DH Dev. Report #5

Comparative analysis of tools for visualization & narrative creation

The three tool sets used for this Dev report are StoryMap, a combination of GeoJSON and Github, and lastly hand drawing with pencil and paper. StoryMap is the easiest website to use but limited in implementation, GeoJSON allows users to see coding but is not very user friendly, and traditional drawing methods are simple to use but needs more to it if it is considered a digital project.

StoryMap allows the user to create a tour using a map to showcase images and text. In my opinion, StoryMap is the tool that I had the easiest time working with. It is simple to create a title page, add in slides of other areas, and be able to freely move between them when showcasing the map. It is straightforward and works somewhat like PowerPoint but using map locations. However, StoryMap can be very limited, which stifles creativity. The user has a set marker they use for pointing the locations but cannot freely outline a wide area like they could do with GeoJSON.

GeoJSON I personally found to be the most annoying out of the tools to use. Using the software, the user is able to see the coding the map is based around. While it is nice to be able to freely draw the points out on the map and have the creativity to embed more than what the stock design of StoryMap has, it is not very user friendly to use. Embedding images requires using Flickr instead of directly uploading. People that can easily understand code could put this website to good use, but for the casual viewer who might not know about coding, it could be very confusing.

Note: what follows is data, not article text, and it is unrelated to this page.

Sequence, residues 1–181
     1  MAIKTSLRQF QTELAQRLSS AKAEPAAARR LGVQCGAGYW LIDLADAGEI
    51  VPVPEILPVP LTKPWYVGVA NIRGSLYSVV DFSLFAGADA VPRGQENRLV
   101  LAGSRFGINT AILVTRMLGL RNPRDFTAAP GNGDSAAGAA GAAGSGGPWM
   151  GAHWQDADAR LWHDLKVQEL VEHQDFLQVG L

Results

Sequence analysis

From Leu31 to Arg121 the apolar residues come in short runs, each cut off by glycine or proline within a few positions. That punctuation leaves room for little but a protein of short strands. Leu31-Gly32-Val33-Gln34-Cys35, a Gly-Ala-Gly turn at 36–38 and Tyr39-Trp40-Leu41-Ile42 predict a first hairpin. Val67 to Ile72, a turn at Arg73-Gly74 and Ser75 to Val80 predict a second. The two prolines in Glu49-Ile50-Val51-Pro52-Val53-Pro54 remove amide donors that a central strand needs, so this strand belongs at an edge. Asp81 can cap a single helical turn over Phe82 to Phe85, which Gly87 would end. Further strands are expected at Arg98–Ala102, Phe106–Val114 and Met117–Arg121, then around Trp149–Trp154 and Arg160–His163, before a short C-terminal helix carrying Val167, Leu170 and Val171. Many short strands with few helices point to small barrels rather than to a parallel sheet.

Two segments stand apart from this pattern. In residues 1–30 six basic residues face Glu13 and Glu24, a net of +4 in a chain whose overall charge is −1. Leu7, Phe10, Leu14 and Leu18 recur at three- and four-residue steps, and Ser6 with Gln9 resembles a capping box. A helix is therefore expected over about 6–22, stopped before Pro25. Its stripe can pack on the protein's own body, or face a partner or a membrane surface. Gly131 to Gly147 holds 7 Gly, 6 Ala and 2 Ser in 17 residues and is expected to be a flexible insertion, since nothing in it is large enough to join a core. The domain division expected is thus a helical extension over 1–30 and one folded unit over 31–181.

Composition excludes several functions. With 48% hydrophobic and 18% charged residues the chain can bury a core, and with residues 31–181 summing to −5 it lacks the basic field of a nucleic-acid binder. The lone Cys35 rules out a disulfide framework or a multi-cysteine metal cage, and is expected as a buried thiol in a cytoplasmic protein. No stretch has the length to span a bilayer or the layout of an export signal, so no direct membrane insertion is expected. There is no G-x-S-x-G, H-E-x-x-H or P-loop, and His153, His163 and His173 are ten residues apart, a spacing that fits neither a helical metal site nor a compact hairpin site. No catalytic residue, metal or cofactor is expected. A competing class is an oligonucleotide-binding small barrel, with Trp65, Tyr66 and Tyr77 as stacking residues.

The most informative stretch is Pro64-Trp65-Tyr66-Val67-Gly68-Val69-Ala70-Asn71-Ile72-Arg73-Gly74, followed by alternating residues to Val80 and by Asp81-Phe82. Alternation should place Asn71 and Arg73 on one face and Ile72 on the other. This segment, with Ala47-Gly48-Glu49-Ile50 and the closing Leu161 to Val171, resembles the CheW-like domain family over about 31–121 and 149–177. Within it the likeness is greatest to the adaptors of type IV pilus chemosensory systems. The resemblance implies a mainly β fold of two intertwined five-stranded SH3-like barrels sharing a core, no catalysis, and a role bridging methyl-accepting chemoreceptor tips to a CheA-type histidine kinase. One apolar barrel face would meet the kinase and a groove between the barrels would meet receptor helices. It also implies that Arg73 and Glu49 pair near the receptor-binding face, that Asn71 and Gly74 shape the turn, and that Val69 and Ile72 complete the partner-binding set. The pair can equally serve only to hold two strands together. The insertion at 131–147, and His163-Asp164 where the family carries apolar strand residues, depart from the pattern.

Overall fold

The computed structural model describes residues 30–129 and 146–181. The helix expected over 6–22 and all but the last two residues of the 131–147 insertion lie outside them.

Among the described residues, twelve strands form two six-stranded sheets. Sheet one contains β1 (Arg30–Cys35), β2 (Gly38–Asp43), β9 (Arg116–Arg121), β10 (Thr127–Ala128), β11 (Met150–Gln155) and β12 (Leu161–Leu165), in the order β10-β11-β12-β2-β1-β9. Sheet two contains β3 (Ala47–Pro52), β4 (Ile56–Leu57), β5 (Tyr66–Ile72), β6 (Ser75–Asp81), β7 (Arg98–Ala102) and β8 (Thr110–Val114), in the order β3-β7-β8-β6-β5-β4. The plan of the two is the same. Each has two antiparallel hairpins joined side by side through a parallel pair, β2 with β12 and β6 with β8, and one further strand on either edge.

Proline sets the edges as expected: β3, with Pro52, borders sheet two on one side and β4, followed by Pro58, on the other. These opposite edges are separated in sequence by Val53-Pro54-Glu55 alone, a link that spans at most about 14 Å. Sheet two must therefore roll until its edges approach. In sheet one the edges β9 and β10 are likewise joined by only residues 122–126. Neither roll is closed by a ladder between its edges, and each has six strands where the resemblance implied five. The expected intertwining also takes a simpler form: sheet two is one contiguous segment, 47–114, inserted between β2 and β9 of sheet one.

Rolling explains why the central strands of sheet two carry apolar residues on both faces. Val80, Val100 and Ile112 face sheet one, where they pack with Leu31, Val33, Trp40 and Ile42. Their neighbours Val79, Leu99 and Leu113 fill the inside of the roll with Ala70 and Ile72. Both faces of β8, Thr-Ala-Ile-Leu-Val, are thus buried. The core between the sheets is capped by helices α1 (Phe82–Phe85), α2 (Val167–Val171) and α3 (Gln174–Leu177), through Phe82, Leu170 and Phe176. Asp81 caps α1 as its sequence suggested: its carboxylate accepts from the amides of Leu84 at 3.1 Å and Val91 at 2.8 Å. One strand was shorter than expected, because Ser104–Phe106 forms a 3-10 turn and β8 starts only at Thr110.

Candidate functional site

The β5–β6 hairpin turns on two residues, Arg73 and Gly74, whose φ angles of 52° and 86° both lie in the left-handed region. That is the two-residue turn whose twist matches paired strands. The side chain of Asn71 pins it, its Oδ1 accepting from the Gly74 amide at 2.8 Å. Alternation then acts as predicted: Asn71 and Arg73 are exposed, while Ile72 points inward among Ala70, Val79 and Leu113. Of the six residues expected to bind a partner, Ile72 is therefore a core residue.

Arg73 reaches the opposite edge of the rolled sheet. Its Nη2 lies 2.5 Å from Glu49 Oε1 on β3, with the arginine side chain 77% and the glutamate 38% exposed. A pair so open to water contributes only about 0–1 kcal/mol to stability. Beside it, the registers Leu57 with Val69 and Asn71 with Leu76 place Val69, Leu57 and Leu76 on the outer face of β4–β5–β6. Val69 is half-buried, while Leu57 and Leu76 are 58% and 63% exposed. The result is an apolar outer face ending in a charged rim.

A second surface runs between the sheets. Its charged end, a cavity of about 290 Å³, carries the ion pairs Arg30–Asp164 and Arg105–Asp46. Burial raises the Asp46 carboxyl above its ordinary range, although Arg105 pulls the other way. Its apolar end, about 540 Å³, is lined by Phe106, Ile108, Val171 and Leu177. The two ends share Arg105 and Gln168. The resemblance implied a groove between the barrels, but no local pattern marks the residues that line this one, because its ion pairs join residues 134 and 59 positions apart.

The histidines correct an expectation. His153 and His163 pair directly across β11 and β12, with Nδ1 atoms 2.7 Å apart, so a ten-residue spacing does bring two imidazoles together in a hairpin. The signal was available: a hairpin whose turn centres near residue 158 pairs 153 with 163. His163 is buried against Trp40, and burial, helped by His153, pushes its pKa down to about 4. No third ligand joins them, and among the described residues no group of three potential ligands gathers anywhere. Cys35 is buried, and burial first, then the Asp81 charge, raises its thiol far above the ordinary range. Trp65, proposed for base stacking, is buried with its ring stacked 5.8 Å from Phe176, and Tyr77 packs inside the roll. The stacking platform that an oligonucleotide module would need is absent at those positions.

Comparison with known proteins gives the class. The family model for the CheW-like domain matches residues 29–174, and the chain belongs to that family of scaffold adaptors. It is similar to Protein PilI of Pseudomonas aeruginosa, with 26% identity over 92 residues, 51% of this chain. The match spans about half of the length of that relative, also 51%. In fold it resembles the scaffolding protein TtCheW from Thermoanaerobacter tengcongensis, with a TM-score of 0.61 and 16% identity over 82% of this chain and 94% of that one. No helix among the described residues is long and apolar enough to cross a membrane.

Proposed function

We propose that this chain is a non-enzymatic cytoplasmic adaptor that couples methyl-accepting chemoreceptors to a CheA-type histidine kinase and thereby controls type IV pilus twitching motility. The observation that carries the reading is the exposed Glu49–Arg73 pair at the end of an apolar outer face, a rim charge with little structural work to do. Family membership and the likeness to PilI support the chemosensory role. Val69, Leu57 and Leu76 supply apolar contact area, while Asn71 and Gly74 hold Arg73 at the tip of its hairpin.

The last technique is hand drawing the visualizations on paper. As Graham states in the reading, “the practice of creating visual representations of data is ancient,” which is why we are working with traditional media as a tool. I decided to draw a picture of part of the UNL campus and marked down a few key areas I took pictures of:

The drawing that was used for this report.

Unlike StoryMap and GeoJSON, much of what you can do with a physical drawing can be done without limitations. All of the options are freely available for the person to draw. While it is easy and simple to do by hand, it is a lot harder to design it around a digital project. Considering much of our projects are digitally based, it would take a lot more effort to creatively make a main map that popped out as much as the digital ones did. In my opinion, using the pencil and paper method only works as a portion of digital projects and cannot stand alone. It requires either StoryMap or GeoJSON to be put to good use as part of the whole.

DH Dev. Report #2

Comparative analysis of tools & text and image.

In this essay, I will be discussing my initial impressions, and the advantages and disadvantages to using Blogger, WordPress, Flickr, and Omeka as tools for Digital Humanities projects. This essay concludes by stating that, in my opinion, Omeka and WordPress are probably the tools I would prefer to use depending on whether I want to display information like a museum or chronologically.